There is, so far, just one example of a simple grave consisting of an oval pit which characterises early Chalcolithic graves elsewhere in Britain, and that is from Beechwood Park, Raigmore (MHG48626; Suddaby and Sheridan 2006; Sheridan 2008b). No trace of human remains was found accompanying the undecorated Beaker. No radiocarbon date could be obtained, and it was also unclear whether there had been any wooden structure within the grave. Nevertheless, as argued elsewhere (ibid), the most plausible explanation for the feature at Beechwood Park is that it was an early Chalcolithic grave by analogy with better-preserved examples elsewhere and with reference to the typochronology of British Beakers.
Another candidate for an early Chalcolithic grave is the feature associated with the first-phase low cairn at Battle Moss, Caithness (MHG2187; Pannett 2005a; 2005b; Sheridan 2010a). Here, a crushed All-Over-Ornamented Beaker of a continental early Chalcolithic type plus parts of a second Beaker were associated with what may have been the remains of a stone cist under or in a low circular cairn. The later re-working of the cairn into a ring-cairn had disturbed this early activity. Once again, there is no radiocarbon date associated with this feature, although a sample of organic material from under the cist exists and should be dated to provide a terminus post quem.
The ‘cist’ found at Broadford Medical Centre, Skye (MHG55636), is a further example of an Early Chalcolithic grave, dated from alder charcoal to 2565–2299 cal BC and 2470–2212 cal BC (Birch forthcoming). It consists of oval stone-lined pit (Birch 2012, plates 18–25, fig 5). Two early-style Beakers were found within it, of which one is a kind of All-Over-Cord-decorated Beaker (Sheridan 2012e). The presence of more than one Beaker can be a feature of early Chalcolithic graves, although not every multiple-Beaker grave is as early as that. No trace of a body was found, but the grave would have accommodated an unburnt body. Early Chalcolithic parallels for oval, stone-lined pit graves include the one from Sorisdale, Coll, which also contained an All-Over-Cord-decorated Beaker (Parker Pearson et al 2019, fig 4.26).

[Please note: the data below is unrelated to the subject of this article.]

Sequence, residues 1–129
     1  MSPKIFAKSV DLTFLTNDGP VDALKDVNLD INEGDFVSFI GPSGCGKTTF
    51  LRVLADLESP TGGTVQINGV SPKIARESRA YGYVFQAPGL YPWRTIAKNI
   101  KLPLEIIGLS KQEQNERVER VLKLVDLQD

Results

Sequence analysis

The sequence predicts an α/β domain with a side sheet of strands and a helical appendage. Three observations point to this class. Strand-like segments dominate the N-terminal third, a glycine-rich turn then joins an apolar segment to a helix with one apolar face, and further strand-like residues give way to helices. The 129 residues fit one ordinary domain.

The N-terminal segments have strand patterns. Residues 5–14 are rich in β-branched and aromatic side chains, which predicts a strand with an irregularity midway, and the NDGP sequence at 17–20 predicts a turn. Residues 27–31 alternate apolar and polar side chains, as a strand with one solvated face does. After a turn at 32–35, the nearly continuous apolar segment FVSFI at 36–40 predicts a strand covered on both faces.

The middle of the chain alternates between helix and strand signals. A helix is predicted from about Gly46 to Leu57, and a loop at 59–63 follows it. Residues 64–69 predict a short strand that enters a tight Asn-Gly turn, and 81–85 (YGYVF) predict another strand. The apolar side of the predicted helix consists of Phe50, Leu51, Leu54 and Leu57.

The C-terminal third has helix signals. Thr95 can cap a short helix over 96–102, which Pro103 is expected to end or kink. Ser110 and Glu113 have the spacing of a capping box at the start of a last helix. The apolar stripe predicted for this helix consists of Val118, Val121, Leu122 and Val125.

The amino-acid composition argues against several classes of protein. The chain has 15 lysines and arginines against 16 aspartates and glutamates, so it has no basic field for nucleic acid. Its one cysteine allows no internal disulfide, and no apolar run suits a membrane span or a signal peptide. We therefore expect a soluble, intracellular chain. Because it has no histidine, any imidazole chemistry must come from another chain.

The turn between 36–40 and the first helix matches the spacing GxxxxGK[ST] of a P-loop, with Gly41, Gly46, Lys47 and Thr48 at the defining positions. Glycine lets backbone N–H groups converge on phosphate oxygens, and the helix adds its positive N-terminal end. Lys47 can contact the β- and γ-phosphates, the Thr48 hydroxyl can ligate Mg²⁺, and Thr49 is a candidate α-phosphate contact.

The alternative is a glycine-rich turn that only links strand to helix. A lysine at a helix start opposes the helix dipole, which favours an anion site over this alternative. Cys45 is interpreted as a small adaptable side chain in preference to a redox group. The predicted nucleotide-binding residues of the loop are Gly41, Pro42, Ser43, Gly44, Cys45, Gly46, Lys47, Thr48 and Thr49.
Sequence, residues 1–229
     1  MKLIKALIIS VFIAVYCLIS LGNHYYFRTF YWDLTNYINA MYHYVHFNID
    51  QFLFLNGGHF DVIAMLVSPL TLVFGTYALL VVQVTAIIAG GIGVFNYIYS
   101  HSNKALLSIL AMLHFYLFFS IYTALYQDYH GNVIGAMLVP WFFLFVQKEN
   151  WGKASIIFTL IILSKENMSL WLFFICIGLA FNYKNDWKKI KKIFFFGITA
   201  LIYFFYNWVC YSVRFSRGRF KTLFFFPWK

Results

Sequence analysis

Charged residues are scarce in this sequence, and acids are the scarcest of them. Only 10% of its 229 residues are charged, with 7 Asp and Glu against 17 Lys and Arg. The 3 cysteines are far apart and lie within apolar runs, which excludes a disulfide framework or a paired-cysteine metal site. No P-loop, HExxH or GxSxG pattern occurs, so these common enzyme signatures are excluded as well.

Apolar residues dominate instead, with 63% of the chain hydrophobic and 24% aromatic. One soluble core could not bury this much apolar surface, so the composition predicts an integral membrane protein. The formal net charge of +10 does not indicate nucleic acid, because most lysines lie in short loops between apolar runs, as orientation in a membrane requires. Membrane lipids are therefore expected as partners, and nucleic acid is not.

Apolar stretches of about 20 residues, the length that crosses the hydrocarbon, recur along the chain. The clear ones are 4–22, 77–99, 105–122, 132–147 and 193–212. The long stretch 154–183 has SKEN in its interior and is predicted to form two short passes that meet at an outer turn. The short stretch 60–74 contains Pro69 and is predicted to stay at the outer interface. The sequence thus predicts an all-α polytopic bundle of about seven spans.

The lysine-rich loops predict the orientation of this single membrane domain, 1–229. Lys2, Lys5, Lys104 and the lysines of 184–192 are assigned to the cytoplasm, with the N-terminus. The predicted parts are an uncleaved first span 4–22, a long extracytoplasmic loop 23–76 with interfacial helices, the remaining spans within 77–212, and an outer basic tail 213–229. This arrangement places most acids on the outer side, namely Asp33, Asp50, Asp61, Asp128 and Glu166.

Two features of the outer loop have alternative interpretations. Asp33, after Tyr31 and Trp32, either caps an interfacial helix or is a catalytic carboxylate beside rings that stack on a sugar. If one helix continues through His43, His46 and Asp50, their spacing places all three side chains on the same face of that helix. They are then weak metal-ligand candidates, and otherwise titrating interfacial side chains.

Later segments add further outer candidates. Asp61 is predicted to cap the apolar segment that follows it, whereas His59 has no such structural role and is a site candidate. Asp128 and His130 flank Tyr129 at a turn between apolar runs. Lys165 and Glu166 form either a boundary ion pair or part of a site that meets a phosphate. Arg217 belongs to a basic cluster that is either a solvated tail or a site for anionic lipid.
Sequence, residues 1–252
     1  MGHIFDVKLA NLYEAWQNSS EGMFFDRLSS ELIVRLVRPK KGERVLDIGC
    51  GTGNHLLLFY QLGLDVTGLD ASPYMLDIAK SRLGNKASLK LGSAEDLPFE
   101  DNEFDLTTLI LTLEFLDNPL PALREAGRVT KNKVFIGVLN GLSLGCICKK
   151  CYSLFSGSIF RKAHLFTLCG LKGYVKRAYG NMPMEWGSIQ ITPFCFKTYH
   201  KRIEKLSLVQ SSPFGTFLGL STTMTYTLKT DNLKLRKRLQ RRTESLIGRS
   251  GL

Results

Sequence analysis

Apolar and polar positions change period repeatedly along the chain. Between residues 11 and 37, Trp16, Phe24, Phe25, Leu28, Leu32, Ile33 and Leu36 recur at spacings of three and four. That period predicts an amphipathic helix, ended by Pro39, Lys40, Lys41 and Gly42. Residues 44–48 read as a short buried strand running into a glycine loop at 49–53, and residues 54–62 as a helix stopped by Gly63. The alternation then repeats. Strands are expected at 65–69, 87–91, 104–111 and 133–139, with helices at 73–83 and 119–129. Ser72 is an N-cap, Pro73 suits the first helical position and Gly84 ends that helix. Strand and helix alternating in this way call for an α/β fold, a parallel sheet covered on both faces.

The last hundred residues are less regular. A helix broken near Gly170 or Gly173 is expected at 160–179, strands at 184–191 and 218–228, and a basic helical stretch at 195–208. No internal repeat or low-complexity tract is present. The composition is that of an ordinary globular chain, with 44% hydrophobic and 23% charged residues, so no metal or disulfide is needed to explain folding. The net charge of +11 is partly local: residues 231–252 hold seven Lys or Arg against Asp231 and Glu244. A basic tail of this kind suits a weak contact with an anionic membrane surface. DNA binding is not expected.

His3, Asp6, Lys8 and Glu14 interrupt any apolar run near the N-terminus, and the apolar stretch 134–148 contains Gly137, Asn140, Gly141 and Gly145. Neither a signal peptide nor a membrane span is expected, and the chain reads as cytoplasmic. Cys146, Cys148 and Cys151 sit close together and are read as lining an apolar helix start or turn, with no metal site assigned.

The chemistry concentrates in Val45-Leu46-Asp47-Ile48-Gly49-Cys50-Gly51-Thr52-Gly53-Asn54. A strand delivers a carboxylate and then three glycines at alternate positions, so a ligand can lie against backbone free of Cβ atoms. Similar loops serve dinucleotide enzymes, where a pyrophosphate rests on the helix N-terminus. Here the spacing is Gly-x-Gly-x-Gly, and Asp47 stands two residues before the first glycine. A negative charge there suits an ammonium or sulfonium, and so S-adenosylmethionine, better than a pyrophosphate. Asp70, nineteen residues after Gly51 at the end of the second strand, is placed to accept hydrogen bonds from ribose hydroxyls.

Several Chalcolithic graves featuring rectangular stone slab-built cists, which represent a translation into stone from the rectangular wooden ‘chambers’ found in some early Chalcolithic graves, are known from the Highland Region, though not all are associated with Beakers. The cist containing the contracted remains of a senior adult female at Slacknamarnock, Inverness-shire (MHG52994), dating to 2470–2230 cal BC, had no grave goods. Among the cists with Beakers, including those where the calibrated date ranges straddle the Chalcolithic–Early Bronze Age boundary, the examples from Dornoch Nursery (MHG11738), Fyrish (MHG8104), and Culduthel (MHG3776) contained stone wristguards (Table 6.10). The Dornoch Nursery cist was associated with an All-Over-Cord-decorated Beaker which is the earliest of the three. The cremated remains of a young adult were found in this cist which have produced a date of 2460–2200 cal BC (Sheridan 2007a). This individual could have been buried at the same time as the unburnt adult, whose sex could not be determined but the archery-related grave goods have previously been used to suggest it was a male skeleton (Ashmore 1989). Not all cists were slab-built; the Achavanich cist was rock-cut, involving a considerable investment of effort (MHG13613; Hoole et al 2017; Case Study Ava).